Big Data Making Changes in the Medical Wearables Market

Consumer and medical wearable devices are both increasing in popularity, with the advancement of sensors powered by the Internet of Things (IoT). Popular wearables these days include smartwatches, fitness trackers, sleep trackers, smart glasses, and workplace monitoring systems – and the number of product choices only continues to grow.

However, trying to figure out what to do with the data after it’s collected remains a perplexing stumbling block among companies. What good is it to collect medical information from a patient’s wearable device if the data is properly utilized? Or if the ideal information isn’t displayed to his or her medical provider.

As noted by Dr. Samuel Volchenboum, co-founder and Chief Medical Officer at Litmus, in a press statement:

“Now more than ever, access to minimally transformed, real world data is becoming a necessity in the pharmaceutical world. Through our own work at Litmus, we have seen the industry’s growing adoption of real world data — as well as pharma’s frustration at opaque data standards from these device makers. As we continue to encourage the industry to adopt consistent data standards, our report has become a go-to resource for researchers and clinicians. We hope it continues to enable them to effectively incorporate real world data into their trials.”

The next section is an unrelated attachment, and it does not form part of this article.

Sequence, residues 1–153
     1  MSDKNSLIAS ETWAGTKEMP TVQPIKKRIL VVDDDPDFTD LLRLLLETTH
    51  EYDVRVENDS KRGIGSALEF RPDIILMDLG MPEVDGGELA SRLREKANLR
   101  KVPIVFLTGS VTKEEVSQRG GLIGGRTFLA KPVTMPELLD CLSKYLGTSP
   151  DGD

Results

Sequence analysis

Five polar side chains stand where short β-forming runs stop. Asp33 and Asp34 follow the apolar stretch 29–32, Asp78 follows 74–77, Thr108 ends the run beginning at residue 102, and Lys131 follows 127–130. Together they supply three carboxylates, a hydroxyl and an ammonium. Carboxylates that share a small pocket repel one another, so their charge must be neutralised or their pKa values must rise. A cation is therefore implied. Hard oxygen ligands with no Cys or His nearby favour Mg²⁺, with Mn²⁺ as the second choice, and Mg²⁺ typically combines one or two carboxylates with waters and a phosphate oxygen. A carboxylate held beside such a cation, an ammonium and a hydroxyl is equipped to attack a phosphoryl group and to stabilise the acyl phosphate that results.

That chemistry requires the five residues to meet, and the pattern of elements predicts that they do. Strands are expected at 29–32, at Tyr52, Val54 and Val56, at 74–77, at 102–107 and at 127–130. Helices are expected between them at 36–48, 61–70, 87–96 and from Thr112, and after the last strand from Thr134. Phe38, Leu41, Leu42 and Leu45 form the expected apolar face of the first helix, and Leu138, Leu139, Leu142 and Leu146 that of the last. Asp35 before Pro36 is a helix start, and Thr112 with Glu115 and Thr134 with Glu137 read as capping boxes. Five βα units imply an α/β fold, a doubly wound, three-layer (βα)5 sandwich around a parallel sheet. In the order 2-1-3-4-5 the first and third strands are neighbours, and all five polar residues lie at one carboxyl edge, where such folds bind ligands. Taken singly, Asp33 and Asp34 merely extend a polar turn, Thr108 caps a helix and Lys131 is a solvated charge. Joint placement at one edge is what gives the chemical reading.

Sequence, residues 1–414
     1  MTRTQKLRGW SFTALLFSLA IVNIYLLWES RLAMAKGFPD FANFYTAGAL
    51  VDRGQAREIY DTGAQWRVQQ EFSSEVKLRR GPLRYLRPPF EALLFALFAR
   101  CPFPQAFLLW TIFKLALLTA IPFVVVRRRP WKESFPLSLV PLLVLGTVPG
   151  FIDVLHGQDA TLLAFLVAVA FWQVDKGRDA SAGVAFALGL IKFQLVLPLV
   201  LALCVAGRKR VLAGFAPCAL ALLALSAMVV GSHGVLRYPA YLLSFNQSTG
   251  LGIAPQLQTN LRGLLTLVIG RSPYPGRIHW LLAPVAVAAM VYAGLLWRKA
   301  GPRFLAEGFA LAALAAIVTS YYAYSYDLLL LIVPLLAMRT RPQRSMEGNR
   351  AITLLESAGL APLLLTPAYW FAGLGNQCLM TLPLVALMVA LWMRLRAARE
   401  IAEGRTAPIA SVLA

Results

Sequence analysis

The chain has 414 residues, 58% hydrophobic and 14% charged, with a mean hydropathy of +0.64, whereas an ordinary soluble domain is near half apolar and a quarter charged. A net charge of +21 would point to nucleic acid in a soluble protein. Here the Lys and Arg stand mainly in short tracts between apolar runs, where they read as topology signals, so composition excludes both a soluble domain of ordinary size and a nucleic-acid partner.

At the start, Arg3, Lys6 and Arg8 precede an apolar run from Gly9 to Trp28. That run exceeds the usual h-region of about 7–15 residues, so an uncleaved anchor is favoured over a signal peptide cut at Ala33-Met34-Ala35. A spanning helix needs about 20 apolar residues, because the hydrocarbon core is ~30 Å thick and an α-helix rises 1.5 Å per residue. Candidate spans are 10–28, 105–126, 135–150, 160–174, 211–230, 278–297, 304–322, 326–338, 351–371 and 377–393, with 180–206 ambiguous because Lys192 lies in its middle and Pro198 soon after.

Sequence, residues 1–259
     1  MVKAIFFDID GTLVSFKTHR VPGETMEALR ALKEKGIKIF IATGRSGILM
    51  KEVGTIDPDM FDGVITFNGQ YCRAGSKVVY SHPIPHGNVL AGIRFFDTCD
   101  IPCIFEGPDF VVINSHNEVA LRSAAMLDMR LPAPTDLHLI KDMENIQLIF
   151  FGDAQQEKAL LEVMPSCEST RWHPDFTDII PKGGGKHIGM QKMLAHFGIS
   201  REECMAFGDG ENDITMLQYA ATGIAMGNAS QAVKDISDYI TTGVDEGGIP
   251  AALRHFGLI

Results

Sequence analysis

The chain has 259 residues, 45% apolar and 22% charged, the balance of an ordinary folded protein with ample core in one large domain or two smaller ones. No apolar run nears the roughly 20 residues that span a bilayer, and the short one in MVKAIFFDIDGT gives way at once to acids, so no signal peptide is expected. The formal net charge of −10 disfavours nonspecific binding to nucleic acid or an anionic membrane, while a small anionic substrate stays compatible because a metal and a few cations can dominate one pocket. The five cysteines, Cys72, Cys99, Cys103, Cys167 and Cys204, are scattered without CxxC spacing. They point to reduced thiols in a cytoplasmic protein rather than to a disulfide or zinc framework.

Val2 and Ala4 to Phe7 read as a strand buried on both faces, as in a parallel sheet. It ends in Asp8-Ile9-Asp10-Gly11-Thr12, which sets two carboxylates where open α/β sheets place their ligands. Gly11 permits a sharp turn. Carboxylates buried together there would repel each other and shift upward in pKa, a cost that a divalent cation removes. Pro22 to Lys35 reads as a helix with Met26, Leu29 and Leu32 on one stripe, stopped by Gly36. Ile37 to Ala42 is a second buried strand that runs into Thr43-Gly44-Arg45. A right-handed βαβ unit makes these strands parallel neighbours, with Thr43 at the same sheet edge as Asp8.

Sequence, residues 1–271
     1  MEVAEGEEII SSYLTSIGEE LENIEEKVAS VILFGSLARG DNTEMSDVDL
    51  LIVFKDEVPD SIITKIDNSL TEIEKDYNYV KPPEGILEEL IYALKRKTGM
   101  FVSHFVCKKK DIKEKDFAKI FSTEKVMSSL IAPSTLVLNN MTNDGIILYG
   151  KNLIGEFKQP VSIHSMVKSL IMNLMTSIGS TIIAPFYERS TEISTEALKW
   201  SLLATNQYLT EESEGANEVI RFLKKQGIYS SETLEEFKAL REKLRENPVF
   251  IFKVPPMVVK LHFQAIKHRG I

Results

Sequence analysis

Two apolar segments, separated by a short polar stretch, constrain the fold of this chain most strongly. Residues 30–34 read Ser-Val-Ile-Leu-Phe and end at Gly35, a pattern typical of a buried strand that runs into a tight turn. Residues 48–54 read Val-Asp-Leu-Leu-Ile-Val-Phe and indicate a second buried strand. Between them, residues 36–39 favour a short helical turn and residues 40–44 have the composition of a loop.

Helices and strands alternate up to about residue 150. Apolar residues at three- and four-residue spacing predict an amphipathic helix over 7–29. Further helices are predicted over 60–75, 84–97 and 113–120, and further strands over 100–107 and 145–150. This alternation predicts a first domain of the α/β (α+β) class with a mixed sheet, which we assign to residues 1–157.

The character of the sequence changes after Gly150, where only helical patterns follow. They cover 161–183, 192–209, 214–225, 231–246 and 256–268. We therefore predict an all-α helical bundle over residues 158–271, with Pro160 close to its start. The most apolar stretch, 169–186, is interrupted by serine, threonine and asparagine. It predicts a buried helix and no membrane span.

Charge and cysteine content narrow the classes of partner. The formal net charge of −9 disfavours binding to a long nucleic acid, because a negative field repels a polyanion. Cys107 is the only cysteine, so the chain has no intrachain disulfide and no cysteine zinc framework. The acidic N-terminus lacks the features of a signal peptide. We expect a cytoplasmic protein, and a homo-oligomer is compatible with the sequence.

In the early days of consumer medical devices, what would be done with the collected data remained unknown. It was one thing for the wearables to collect information, but how much is too much? Is the data secure? Can the collected information be properly relayed to device wearers?

In healthcare, the device is able to collect information such as a patient’s personal habits, physical routine, exercise, heart rate, blood pressure, diet, and other factors – and that information can be populated into a customizable health plan.

Sports Data Labs recently announced that it has formed the Human Data Labs, designed to help the company accelerate its real-time human data collection from its on-body sensors and sensing technology. The company focuses specifically on professional athletes, with the collected information offering a “variety of commercial use cases including sports betting and other media.”

[Image Courtesy: Tinh Te Photos]

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